Empty Cradles "It is proposed that the Commonwealth seek out in Britain and Europe, ... and the movie based on the book, Oranges and Sunshine, showcase the ...
Author: Adoption Truth & Transparency
Publisher: Adoption Truth & Transparency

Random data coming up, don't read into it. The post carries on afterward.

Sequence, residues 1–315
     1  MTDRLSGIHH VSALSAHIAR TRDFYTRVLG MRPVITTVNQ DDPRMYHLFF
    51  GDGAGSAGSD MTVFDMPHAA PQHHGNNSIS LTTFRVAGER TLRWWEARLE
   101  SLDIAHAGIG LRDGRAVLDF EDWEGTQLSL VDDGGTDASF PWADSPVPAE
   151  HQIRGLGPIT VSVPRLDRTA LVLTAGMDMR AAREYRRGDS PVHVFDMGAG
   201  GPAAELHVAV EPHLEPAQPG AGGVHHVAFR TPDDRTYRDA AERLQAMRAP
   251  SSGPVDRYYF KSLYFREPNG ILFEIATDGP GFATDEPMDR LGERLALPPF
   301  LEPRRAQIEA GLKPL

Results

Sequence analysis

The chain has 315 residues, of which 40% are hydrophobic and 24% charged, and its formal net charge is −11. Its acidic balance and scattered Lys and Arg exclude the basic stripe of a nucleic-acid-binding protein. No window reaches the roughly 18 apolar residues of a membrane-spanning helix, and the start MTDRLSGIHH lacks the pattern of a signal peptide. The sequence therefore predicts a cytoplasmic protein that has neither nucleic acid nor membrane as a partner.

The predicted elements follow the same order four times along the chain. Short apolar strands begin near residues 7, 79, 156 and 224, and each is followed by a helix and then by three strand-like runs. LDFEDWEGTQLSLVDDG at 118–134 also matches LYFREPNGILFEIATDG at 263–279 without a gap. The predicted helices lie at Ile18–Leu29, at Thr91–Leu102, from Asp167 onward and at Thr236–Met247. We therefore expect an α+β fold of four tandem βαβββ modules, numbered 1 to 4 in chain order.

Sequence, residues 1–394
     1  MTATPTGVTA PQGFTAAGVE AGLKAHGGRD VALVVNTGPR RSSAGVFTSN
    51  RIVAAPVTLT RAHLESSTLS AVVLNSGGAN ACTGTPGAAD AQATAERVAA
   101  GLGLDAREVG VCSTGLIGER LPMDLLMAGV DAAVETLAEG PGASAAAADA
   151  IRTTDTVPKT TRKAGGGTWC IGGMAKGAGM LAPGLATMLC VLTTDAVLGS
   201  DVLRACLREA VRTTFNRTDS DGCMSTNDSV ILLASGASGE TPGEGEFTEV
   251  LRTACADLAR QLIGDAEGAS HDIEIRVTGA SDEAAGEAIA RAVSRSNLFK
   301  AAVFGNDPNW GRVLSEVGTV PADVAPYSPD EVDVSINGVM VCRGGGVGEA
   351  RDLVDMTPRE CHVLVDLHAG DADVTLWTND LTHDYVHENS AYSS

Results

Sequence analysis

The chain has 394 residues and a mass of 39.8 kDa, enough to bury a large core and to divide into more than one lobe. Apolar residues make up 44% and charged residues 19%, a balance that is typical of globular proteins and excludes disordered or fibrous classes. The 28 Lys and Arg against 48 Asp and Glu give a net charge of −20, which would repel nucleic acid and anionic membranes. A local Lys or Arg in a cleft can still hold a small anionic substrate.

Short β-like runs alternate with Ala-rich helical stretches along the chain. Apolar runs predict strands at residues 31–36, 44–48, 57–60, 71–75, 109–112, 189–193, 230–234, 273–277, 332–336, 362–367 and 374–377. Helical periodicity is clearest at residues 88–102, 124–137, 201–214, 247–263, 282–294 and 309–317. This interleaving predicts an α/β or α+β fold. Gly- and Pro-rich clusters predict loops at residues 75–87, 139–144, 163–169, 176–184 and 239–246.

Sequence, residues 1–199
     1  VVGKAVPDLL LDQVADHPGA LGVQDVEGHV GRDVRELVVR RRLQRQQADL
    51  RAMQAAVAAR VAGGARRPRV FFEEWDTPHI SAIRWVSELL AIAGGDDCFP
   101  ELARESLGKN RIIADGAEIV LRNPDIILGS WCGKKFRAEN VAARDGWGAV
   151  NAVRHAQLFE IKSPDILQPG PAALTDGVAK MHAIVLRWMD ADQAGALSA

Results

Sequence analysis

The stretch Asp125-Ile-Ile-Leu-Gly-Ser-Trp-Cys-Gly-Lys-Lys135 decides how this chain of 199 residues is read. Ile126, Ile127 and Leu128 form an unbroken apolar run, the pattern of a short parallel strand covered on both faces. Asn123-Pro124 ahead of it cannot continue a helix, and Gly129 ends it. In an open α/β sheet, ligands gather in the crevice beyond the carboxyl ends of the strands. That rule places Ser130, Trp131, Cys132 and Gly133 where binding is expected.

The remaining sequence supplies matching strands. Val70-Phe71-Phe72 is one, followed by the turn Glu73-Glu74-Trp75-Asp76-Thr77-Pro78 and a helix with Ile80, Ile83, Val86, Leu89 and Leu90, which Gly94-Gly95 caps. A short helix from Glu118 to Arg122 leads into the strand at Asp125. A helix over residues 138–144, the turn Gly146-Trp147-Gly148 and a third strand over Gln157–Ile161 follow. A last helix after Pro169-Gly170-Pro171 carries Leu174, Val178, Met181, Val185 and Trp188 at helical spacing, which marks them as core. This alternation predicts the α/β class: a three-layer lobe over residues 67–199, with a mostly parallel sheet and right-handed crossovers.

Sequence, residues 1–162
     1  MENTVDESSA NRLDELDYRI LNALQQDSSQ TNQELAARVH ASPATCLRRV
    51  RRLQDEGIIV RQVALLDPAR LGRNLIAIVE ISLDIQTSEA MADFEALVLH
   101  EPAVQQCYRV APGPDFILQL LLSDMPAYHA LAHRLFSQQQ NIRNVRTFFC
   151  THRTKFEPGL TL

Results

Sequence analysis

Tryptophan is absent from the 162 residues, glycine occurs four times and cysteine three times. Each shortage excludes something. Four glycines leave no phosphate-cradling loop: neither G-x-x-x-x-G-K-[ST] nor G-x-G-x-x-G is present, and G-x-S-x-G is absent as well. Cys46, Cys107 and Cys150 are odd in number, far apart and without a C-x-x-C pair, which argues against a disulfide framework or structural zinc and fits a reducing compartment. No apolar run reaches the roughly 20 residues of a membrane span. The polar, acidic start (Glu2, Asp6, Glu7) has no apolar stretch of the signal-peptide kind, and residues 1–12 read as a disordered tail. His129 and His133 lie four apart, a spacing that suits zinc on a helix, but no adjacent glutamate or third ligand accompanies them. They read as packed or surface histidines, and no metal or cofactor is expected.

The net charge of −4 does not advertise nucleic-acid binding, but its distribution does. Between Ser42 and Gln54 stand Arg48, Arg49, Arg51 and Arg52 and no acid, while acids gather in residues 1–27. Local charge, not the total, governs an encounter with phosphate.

This book reveals the rare and often silenced voices hidden inside the backstreets of international adoption. The research offers the data you need to know in order to make an informed decision before paying the non-refundable fees to adopt a child. The main movements of children are organized into four sections and referred to as Orphan Ships (Europe), Orphan Trains (America), Orphan Planes (Asia), and Orphan Trafficking (Africa). Learn how the child movement began, spread, and why some domestic and international adult-adoptees are against the practice today. Know more about the history and the industry than the professionals in the field. Adoption: What You Should Know might convince you to think twice before transferring funds to the adoption facilitator—and being cautious could be a good thing! The information inside could save you up to $75,000 in private hidden fees. This book is on its way to protect local, global, indigenous, and even the most wealthy families among us. Sometimes we need to scrutinize agencies—instead of immediately trusting them. It's when we do so that we can save ourselves a lot of the heartache of potentially adopting a child that has a living family or was even kidnapped by adoption traffickers. Some overseas adult adoptees, like the author, were unknowingly at risk of being deported to a birth nation they knew nothing about. Others have been deported as adults! The adoption industry is changing rapidly from country to country: Russia and Ethiopia, the two most popular countries to adopt from, closed their doors within the last decade. Due to adoption scams, Europe has also made some decisions based on private findings. This book gives you a birdseye's view on the practice, beginning from Europe’s mass child movements of the 1600s to today’s child trafficking methods that have taken place in Africa and Asia. It’s up to responsible considerate human beings (all of us) to decide if we want to listen and consider the voices of “the other side” in the effort to preserve families. Young adoptive parent applicants of today should be informed of all sides of the issue—not just exposed to agency advertising campaigns, which avoid some of the pitfalls of the practice. Because of social media, the culture of adoption is rapidly changing. According to a 2019 preliminary poll, 100% of all adult adoptee respondents agreed with the statement that they should have a right to look for their birth family if they so wish. Permanently severing children from their family ties should be the last resort. Instead, processing children to foreign territories has become expedited and for a profit. Now that it's been around four hundred years since the movement was built on draconian attitudes and antiquated beliefs, isn't it time to take the magnifying glass and inspect the entities that have made the most money from the movement? The unconventional views revealed inside this book have been called mind-blowing by fellow adoptee-rights activists. A rare whistleblowing history book determined to protect United States citizens and vulnerable third-world nations against adoption scams and the profitable business of falsely advertising children from living families as if "orphaned." The author invited a few guest adoptees and mothers-of-loss to contribute but had no say on what they wrote. Some guests are sad, devastated, and might sound negative, but their stories are worth being read to protect families and individuals from unnecessary separations. *NOTE: The textbook version is titled: Adoption History 101: An Orphan's Research